Stephen King has single-handedly written his own bio many times, in the various prefaces to his novels; if you want a truer representation of who (and what) Stephen Edwin King is, then read his books. It's all there. But I'll get the facts out of the way, and attempt to articulate the reason why Stephen King is a major force and source of inspiration for my own meagre writing.

Born in 1947 in Portland, Maine, Mr. King was raised by his mother after his father left when he was still a toddler. His mother was a wonderful influence and source of strength where King's gift for writing was concerned; she allowed him to pursue writing ventures from a young age. His gift was apparent, too, as one can see in On Writing's accompanying book Secret Windows. There is a short story written in there, by King at the age of fifteen, and the traditional, brutal frankness of Stephen King is there at the outset. In 1970, King graduated the University of Maine at Orono, with a B.S. in English, where he met his future wife, Tabitha Spruce. They were married in 1971, and have three children together, Owen, Joe, and Naomi.

After a couple of years of labour-related work, King found employment as a high school English teacher. Writing after the stacks of papers were marked, and on the weekends, King produced stories which were published by men's magazines, like the now-defunct Adam, which were later gathered into collections like Night Shift.

His first published novel was Carrie (Doubleday, 1973). Though it enjoyed little success in its hardcover run, it sold amazingly in paperback. It permitted him some spending money, which he could use to live, while he wrote his next novels, 'Salem's Lot, and then The Shining. The rest was downhill from there, as the books sold very well, and King and family could live solely off the "writing money," as King likes to call it. The money has never been truly an issue with King; it's nice to have, that's all. As he said in the preface to Four Past Midnight regarding thinking of the money you'll make while writing a great novel, "it constipates the whole process." He's grateful for the money, naturally, it represents the money of the average joe, worked for, sweated for, placed into his pocket. As he likes to point out, he is paid for publishing, not for writing. The act of writing, in King's opinion, is worth far more than the simple concept of money, or payment. And being typecasted as a horror writer means little to Mr. King; he likes to scare people, a small guilty pleasure in his life.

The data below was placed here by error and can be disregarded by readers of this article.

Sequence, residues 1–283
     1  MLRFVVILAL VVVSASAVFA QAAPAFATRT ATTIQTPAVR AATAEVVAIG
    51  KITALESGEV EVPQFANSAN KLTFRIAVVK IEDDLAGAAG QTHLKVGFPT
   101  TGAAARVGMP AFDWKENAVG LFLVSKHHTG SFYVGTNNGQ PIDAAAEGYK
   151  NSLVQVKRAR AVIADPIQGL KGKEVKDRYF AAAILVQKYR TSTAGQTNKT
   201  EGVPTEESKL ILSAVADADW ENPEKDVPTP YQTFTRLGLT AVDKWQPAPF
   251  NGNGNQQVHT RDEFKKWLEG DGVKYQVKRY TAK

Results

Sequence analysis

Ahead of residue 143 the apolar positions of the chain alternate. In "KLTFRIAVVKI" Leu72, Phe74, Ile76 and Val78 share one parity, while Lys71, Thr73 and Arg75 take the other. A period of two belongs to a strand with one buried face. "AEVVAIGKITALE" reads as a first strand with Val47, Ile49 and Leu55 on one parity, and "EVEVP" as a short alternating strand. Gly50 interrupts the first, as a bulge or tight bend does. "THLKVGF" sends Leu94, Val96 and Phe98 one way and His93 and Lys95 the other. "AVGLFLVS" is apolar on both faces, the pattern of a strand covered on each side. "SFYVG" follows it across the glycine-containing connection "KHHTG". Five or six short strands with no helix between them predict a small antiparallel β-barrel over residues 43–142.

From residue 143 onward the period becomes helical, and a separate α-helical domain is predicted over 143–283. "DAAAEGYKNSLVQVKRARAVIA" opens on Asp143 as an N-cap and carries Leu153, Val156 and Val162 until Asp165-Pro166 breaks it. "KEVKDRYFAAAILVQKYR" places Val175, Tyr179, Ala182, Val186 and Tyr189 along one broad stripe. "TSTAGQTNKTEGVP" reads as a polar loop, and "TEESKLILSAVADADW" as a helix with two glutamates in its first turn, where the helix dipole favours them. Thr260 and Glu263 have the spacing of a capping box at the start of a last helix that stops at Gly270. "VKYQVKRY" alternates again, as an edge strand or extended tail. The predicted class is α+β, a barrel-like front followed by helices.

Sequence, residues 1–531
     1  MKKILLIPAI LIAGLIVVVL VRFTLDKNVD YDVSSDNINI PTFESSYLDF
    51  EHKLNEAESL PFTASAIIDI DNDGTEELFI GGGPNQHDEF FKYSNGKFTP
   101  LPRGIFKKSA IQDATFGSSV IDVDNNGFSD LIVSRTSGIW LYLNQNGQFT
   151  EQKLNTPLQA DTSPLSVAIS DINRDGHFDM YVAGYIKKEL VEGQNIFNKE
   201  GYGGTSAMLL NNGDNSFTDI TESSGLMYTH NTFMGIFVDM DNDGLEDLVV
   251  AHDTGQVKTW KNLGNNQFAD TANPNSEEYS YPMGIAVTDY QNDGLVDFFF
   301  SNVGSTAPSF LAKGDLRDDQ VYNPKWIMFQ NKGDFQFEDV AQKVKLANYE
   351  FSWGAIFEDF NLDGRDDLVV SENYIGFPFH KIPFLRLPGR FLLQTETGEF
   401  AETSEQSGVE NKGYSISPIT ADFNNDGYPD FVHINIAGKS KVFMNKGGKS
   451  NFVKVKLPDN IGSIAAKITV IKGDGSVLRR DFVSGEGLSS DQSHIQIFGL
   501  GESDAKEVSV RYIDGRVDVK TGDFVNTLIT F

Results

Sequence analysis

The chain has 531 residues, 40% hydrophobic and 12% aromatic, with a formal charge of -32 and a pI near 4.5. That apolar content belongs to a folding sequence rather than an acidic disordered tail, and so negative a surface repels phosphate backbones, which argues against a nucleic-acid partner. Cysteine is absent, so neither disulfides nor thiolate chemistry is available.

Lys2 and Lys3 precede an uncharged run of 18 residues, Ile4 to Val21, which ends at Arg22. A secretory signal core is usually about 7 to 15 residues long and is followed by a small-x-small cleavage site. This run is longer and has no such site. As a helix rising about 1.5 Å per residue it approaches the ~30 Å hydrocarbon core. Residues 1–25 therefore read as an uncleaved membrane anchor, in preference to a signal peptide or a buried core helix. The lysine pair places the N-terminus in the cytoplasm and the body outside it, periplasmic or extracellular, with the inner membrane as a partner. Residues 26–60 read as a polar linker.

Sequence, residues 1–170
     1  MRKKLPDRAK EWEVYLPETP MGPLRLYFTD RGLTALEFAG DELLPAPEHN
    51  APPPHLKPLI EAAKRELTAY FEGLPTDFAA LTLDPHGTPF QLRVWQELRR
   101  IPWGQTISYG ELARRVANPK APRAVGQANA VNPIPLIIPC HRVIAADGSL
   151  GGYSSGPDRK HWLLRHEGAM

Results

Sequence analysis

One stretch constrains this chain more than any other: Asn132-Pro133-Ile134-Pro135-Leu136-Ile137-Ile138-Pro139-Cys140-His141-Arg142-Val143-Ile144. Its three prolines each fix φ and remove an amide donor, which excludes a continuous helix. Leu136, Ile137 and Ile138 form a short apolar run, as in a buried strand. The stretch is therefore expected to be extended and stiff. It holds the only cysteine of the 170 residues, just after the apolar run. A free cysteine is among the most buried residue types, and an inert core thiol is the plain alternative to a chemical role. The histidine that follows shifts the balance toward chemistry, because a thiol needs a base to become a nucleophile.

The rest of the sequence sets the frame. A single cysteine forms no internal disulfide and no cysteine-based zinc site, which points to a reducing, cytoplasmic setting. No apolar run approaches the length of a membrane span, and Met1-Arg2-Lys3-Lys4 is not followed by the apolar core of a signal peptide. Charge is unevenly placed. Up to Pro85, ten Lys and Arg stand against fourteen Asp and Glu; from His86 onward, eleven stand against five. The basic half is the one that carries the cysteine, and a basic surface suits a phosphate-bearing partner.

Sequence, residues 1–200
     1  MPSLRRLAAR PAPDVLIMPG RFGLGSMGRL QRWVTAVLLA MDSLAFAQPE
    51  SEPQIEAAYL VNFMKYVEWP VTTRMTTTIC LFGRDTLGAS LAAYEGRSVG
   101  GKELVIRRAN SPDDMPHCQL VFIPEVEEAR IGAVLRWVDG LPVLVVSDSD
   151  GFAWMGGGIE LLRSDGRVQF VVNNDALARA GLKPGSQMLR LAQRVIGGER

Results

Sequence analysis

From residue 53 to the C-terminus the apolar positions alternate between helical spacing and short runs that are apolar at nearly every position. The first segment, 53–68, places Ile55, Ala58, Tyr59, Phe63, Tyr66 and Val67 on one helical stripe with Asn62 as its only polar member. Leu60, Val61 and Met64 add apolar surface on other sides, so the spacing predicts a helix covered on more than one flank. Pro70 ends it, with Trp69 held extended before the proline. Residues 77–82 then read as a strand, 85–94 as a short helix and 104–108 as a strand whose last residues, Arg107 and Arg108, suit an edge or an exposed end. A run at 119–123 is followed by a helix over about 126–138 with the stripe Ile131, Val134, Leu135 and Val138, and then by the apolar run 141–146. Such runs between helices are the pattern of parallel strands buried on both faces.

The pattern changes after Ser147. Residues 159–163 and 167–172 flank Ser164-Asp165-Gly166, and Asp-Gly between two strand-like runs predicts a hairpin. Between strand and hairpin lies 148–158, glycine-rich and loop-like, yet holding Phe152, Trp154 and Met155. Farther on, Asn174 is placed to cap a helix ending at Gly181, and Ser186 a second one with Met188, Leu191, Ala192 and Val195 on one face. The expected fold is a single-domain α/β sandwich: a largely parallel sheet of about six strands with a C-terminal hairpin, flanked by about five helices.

I see no need to place Mr. King's bibliography in this writeup; it's covered nicely above, but what I would like to speak about for a moment is a couple of Stephen King's works, and how they've affected me, made me want to pursue writing as a pastime, made me want to grab someone in the street and shout into their faces: "You HAVE TO read this!"

The Stand is a sweeping work of fiction, of what King calls "dark Christianity", in the preface to the novel. I will sum it up for you, very briefly, my thoughts on the work: it could happen. That's what's scary about it. The destruction of the world has been a dank fear most people have bottled up inside once or twice, with the Cold War-related obsession with The Bomb dropping at any given time. And it's nice for people to view the government as a faceless automaton, with all sorts of bombs and diseases to kill us all with. King makes us look that fear in the face, and attempt to come to terms with it.